Even the ones who weren’t meant to be hated weren’t happy with their portrayal. Jeanise Jones, the babysitter, had been recruited from her Baptist church to be in what they thought was a documentary about saving a young girl from trafficking and exploitation. She thought she was saving this girl and had been truly worried for her safety from the time it was filmed until she learned of the movie. Judith Evans, the Holocaust survivor, passed away soon after her scene had been filmed. Cohen revealed to her after filming that it was fictional, and stated it was for a movie against Holocaust denial. Despite that, her family filed a lawsuit saying she wasn’t made aware of the true nature of the film. The suit was dismissed because Evans did sign a contract and was aware that the film was fictional.

In Cohen’s defense, he dedicated the movie to Evans and helped set up a website dedicated to her and her story. He also donated $100,000 to Jones’ church. Were some of the things he did to achieve “truth” in the movie dirty and underhanded? Absolutely. But Cohen is also human, and capable of great acts of decency as well as deplorability. Just like the Second Amendment protesters. Just like conspiracy theorists. Just like every human out there.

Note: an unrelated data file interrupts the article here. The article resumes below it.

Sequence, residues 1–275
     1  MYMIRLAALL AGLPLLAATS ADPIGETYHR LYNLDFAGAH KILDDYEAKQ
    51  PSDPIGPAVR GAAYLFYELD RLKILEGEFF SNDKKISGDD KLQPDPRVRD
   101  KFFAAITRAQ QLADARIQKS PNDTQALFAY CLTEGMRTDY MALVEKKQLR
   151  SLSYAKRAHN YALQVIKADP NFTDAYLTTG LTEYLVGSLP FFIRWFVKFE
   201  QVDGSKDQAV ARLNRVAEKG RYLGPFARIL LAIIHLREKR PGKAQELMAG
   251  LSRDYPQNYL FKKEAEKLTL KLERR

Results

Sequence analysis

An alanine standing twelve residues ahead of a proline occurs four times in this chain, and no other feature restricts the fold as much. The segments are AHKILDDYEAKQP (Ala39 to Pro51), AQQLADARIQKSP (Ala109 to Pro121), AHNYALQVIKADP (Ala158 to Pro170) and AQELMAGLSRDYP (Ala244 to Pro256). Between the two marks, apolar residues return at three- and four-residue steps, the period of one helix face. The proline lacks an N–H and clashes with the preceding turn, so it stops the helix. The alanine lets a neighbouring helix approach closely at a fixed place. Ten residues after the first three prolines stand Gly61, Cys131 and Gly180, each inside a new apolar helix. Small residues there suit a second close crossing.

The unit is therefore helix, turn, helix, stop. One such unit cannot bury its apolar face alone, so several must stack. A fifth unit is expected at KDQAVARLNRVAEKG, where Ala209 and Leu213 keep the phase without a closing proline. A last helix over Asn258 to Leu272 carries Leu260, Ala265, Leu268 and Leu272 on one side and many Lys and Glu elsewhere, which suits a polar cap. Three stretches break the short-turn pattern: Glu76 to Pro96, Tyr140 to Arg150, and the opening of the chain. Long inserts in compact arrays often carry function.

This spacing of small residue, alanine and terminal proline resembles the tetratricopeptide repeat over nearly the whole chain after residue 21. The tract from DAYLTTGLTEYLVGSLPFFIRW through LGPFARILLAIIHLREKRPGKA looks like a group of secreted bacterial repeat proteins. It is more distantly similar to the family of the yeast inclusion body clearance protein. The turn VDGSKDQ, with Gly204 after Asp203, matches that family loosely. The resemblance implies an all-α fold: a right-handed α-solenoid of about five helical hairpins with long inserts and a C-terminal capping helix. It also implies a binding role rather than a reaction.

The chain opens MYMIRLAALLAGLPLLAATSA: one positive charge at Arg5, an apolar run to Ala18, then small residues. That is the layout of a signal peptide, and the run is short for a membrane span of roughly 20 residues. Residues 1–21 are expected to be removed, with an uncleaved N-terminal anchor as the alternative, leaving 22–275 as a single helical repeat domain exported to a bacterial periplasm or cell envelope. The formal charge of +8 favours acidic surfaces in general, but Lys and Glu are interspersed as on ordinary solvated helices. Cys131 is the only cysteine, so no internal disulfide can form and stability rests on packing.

We absolutely need to defeat Trump and his cronies on November 3rd. His supporters need to learn they were wrong. But if we allow their humanity to be erased, do we lose a little of our humanity? Can we have moral correctness without truth?

This is an open thread. Take care.

*A footnote: that Giuliani scene that takes place during a half hour or so at a New York hotel? It was crafted from footage taken in three different states and a different continent.